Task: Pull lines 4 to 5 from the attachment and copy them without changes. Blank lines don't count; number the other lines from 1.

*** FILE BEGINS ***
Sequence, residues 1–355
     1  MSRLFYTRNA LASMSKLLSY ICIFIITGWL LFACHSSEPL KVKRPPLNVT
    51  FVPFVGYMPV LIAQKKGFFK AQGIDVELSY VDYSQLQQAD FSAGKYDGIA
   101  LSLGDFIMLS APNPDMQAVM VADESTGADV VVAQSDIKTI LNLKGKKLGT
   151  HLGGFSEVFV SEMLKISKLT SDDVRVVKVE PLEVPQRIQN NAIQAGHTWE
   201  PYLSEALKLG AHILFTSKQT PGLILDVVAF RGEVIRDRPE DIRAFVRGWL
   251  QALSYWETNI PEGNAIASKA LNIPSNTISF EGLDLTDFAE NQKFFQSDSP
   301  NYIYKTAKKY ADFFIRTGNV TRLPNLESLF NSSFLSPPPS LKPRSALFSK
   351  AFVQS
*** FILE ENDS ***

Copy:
   101  LSLGDFIMLS APNPDMQAVM VADESTGADV VVAQSDIKTI LNLKGKKLGT
   151  HLGGFSEVFV SEMLKISKLT SDDVRVVKVE PLEVPQRIQN NAIQAGHTWE